Tsáchila people

The Tsáchilas are an indigenous people in Ecuador. They are one of the few pre-Inca cultures that still exisistieren and live in the rain forest areas on the western slopes of the Andes to Santo Domingo de los Colorados and in adjacent areas of the provinces of Pichincha and Esmeraldas. ' sáchilas ( "true / real people " ) is their own name. The Spanish-language naming Colorado (Spanish for " Red Colored " ) comes from the fact that especially the men traditionally with dyes from Achiotesamen hair dyed red. This tradition has now, lost much of its meaning and is almost maintained only by municipalities, which are regularly visited by tourists. Even the traditional clothing mixes with increasingly " western" import goods.

The culture and settlement areas of Tsáchila were and are threatened by the spread of Santo Domingo and adaptation to city life by many members of extinction. Currently, there are about 200 families who live in the rain forest more or less traditional way to approximately 8,000-10,000 hectares. For the country, they received 1978 official land titles that can be difficult to enforce by Neusiedler ( Invasiones ) in illegal land occupations but.

The Tsáchiles speak their own language, Tsafiki, which is related to the Cha'palaachi the neighboring Chachi and the extinct Caranqui of Cara and with them forms the family of southern Barbacoa languages. Tsafiki / Colorado has the language code according to ISO 639-2 and sai COF SIL.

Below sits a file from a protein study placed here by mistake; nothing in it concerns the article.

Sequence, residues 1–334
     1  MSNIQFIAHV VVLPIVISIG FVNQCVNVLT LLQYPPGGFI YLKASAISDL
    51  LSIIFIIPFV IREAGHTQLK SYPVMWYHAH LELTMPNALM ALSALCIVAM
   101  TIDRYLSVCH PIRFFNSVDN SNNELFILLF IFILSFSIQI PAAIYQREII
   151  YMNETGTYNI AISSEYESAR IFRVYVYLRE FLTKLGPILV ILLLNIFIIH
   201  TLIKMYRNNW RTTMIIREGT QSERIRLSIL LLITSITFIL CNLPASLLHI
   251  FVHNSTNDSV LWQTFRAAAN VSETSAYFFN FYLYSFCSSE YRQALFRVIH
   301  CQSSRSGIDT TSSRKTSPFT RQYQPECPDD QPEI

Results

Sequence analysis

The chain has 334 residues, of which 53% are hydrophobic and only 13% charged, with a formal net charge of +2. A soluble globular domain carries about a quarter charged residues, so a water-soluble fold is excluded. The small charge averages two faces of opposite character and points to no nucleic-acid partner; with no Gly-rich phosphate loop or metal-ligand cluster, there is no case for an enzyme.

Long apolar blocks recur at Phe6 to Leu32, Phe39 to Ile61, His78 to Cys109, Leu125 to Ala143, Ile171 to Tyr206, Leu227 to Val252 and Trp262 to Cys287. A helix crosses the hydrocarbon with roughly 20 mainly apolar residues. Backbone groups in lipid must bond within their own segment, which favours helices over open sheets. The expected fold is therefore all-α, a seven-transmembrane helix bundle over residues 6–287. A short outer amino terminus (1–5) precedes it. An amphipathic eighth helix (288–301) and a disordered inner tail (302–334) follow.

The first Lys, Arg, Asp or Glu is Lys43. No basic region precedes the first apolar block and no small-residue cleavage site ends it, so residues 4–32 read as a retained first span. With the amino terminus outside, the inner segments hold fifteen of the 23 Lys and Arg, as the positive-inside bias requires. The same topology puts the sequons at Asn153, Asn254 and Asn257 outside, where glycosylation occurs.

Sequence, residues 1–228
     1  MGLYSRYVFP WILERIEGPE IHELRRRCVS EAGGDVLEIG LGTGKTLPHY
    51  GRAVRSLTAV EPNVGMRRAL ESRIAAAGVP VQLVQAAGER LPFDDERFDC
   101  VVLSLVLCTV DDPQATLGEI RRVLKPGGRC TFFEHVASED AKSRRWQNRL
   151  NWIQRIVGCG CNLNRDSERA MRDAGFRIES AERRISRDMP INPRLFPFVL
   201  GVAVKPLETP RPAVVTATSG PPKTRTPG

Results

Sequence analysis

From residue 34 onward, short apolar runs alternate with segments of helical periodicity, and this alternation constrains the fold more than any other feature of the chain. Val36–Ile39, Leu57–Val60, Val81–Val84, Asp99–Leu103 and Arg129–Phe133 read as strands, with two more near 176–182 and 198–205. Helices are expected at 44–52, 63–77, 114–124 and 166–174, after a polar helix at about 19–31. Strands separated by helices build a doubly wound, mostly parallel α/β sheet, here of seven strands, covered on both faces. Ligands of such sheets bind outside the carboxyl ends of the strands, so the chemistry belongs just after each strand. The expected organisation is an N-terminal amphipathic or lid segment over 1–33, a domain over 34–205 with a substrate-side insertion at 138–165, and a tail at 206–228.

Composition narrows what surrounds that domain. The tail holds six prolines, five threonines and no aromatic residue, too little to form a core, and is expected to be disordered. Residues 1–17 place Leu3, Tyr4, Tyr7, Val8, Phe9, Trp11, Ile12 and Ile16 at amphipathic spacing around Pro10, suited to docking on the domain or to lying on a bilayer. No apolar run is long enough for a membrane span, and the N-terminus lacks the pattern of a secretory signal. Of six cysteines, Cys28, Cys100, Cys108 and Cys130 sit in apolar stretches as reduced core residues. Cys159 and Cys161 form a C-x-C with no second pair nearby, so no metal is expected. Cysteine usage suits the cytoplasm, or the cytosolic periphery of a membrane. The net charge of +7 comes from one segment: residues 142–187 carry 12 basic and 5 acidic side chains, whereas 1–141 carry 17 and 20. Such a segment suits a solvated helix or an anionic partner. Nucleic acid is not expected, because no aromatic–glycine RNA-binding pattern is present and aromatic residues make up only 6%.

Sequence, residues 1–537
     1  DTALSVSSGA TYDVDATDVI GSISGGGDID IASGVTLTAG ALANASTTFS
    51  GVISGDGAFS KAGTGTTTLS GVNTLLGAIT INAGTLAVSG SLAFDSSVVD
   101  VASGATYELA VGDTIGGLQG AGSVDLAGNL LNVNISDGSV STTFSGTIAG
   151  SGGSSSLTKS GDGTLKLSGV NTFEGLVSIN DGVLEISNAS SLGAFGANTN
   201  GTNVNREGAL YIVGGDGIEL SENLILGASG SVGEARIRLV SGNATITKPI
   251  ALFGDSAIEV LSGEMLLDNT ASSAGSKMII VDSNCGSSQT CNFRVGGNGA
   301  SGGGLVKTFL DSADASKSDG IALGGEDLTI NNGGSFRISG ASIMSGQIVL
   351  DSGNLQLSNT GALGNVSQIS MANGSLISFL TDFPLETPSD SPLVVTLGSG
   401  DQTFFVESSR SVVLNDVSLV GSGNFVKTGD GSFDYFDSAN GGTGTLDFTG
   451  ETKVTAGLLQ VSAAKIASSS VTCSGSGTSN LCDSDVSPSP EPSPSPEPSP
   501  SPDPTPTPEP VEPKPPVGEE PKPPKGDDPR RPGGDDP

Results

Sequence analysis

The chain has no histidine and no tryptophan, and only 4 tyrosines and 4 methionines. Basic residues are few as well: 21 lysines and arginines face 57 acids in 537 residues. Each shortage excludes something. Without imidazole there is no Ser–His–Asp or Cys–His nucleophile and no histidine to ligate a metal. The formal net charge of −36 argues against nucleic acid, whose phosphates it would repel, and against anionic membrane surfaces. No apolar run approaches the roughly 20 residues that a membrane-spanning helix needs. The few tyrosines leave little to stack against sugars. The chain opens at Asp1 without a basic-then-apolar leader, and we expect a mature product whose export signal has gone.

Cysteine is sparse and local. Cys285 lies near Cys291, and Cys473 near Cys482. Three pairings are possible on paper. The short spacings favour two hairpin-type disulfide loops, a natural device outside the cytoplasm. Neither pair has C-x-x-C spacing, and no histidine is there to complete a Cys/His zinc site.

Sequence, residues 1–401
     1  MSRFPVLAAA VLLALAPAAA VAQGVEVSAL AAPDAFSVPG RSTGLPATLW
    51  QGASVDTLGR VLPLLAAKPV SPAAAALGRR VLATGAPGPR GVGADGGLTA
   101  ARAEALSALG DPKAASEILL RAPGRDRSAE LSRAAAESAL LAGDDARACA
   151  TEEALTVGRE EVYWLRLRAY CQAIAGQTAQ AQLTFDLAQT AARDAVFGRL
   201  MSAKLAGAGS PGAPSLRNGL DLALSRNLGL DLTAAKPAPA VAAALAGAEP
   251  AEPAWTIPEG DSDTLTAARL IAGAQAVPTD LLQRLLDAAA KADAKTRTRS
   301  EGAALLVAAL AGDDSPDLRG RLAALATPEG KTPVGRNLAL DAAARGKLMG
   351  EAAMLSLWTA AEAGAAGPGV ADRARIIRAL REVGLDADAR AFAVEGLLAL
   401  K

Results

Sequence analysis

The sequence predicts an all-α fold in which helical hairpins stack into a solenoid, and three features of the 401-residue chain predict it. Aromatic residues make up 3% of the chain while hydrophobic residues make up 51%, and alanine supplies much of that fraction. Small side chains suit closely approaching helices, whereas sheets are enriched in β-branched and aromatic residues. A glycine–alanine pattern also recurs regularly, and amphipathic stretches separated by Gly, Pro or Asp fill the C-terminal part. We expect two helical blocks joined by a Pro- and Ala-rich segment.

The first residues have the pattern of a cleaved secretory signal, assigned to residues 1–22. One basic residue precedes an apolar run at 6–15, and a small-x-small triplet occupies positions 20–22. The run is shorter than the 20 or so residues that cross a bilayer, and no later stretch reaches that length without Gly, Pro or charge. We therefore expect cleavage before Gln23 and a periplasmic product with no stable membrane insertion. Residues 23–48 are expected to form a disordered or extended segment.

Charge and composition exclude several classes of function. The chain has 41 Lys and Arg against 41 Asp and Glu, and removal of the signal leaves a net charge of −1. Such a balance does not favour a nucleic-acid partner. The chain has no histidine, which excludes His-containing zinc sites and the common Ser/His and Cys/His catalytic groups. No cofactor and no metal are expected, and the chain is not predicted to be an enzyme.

Most Tsáchiles today are Roman Catholic, but their traditional cosmic vision knew a God who had created the sun ( Pipowa ), and a goddess, as the creator of the mountains, fields, rivers and seas on agriculture and fisheries monitored ( Mapiyan ).

The ancestors of the Tsáchilas, probably descended from the Cara and Yumbo, lived further south. Probably as a consequence of the conquest of the Incas in what is now Ecuador in the 15th and the Spaniards against the Incas in the 16th century and due to a smallpox epidemic, their ancestors moved back into the remote area around present-day Santo Domingo.

In colonial times, they were obliged to pay tribute and made their donations in kind, including wax, which was for the churches of Quito in the form of candles of great importance. 1660 asked their chief tribute to postponement as they are very suffered the consequences of an outbreak of the Pichincha volcano.

Today, those who live Tsáchilas that have not adapted to life in Santo Domingo, especially on agriculture (bananas, coffee, corn and Yuka ) and work in some cases as a guide by the species-rich forests.

In Santo Domingo, even today remember especially the names of hotels, streets and squares, and a large iron monument to the Colorado in the center of a roundabout west of downtown to the Tsáchilas.

According to a report by journalist Charlotte Hahner Johannes Rau said to have been named an honorary chief result of the German finance a bridge construction project.

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